Remodel/Gnd question

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  #1  
Old 11-13-04, 11:12 PM
texasruss
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Remodel/Gnd question

Ok, posted this once and it disappeared!

I'm systematically rewiring my house. The prior owner/builder used whatever he had to wire nthe first time: #12/w gnd, #14 w/o gnd, cloth covered, etc.

I'm down to the last few items.

I have 2 outlets that are connected together. Due to several other rewires these are isolated and need to be put online. One outlet (under a window) has 2 wires: 1 #12 that goes through the wall (not attic) to the other outlet I need online. The other wire from the under window outlet goes through to the attic. The problem is that the wire going to the attci is #14 w/o gnd. Because the outlet is under a window I can't rewire with #12 w/gnd.

I want to maintain a grounded circuit, but I'm stuck. I think I've read where I can use a GFCI in a non-grounded circuit to provide protection.

My alternative is to just add 2 new outlets near the existing ones. What is my safest option?

Thanks.
 
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  #2  
Old 11-14-04, 06:54 AM
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If these receptacles are not presently connected to a circuit then your only option (within code) is to rewire them, or abandon them and add new receptacles. It would be against code to connect these to an existing circuit since there is no ground.

Yes, a GFCI can be used where there is no ground, and it is within code to do so. However, there is still the issue of you not being allowed to extend an existing circuit without a ground.

Finally, your safest option without question is to make certain that these receptacles are wired with a ground.
 
  #3  
Old 11-14-04, 08:36 AM
texasruss
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Help me understand...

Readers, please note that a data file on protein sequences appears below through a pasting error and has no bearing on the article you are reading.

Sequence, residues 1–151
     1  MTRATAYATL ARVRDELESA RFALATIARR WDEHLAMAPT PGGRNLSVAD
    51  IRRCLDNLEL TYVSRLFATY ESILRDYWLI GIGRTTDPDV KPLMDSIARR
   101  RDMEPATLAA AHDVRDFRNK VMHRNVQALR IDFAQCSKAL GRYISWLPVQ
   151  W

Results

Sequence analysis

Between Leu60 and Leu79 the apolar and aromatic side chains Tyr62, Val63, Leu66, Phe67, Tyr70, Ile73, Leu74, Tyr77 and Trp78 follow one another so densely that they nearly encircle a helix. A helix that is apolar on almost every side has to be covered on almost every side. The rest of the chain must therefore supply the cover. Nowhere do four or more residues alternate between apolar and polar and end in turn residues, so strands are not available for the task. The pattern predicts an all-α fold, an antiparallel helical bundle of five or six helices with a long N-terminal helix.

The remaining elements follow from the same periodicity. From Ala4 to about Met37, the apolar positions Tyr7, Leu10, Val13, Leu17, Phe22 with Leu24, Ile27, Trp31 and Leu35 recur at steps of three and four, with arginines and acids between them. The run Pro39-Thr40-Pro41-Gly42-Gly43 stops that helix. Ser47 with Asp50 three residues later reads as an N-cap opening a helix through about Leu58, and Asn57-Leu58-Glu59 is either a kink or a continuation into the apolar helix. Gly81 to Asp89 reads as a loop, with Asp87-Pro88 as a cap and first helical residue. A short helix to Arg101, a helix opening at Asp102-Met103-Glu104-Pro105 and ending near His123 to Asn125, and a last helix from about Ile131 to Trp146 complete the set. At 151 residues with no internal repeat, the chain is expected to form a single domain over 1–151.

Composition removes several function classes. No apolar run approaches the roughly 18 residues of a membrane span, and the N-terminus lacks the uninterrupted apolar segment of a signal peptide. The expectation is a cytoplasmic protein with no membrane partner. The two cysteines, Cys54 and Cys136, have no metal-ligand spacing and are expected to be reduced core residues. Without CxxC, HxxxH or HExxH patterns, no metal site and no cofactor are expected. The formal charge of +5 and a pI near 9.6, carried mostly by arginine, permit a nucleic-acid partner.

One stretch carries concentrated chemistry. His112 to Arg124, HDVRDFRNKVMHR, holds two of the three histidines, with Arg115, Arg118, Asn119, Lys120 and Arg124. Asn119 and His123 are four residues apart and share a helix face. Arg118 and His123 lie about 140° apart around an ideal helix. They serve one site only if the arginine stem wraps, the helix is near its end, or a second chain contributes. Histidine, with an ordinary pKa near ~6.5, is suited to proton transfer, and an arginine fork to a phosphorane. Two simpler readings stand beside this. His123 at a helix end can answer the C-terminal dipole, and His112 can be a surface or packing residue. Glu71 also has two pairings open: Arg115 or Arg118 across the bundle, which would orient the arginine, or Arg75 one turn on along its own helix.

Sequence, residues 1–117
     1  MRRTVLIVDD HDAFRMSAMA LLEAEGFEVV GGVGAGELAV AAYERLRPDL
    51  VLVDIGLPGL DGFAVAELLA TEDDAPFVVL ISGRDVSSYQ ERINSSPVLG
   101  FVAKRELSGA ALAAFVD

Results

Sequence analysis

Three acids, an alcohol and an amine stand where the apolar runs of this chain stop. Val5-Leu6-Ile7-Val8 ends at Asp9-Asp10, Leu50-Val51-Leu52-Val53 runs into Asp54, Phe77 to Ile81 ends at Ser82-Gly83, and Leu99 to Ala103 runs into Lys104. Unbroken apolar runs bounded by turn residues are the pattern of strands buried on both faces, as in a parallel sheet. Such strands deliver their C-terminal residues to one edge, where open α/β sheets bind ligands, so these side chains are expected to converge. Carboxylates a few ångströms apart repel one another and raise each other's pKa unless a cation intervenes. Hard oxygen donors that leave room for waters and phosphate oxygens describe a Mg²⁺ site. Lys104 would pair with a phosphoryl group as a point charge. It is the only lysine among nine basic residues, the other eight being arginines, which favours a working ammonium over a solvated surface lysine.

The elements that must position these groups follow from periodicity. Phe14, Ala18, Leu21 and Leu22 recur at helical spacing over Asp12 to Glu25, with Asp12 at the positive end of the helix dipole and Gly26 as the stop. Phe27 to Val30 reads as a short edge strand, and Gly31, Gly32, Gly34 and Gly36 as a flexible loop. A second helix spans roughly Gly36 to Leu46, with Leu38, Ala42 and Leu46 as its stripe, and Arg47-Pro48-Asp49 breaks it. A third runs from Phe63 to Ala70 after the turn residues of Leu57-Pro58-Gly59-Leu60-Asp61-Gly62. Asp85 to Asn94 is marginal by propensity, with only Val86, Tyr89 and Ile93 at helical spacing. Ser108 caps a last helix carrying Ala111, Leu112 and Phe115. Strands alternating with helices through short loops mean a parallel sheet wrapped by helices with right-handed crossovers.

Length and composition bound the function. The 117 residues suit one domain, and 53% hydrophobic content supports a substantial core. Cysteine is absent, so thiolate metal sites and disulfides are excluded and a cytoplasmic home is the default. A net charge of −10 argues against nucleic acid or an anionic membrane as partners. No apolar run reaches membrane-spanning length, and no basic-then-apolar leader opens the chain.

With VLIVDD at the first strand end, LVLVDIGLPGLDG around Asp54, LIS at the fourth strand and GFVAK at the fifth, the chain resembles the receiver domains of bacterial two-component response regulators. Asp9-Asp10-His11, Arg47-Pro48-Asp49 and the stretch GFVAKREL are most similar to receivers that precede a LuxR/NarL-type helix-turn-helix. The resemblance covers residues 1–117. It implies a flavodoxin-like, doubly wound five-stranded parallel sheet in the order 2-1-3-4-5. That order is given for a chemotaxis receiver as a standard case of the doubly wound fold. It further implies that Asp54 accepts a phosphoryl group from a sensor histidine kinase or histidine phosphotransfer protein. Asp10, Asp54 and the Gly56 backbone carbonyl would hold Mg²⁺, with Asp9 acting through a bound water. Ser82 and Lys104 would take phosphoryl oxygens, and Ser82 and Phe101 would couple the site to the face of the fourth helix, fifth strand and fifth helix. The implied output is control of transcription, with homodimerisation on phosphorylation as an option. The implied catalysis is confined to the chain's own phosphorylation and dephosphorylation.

I pulled this circuit offline earlier in the week. So now, because it's offline and I've found the circuit doesn't have a ground I have to abandon the circuit? I'm going to follow the safest path, but I'm trying to understand the 'letter of the law' so to speak.

If I hadn't done my due diligence and had extended this circuit from another point then it would have been ok due to ignorance of the circuit? (I suppose it would have becuase I wouldn't have known the ground issue.

After some thought last night I had pretty much convinced myself just to abandon these outlets and put new ones in. I'm just trying to understand your response and the codes writing.

Thanks.

Originally Posted by racraft
If these receptacles are not presently connected to a circuit then your only option (within code) is to rewire them, or abandon them and add new receptacles. It would be against code to connect these to an existing circuit since there is no ground.

Yes, a GFCI can be used where there is no ground, and it is within code to do so. However, there is still the issue of you not being allowed to extend an existing circuit without a ground.

Finally, your safest option without question is to make certain that these receptacles are wired with a ground.
 
  #4  
Old 11-14-04, 08:55 AM
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A lot of old wiring is considered unsafe by modern safety standards. The code does not require you to correct these old unsafe conditions, but it also doesn't allow you to extend them either. The code is written figuring that when you are doing further work, you will want to correct these old hazards. And you do, right?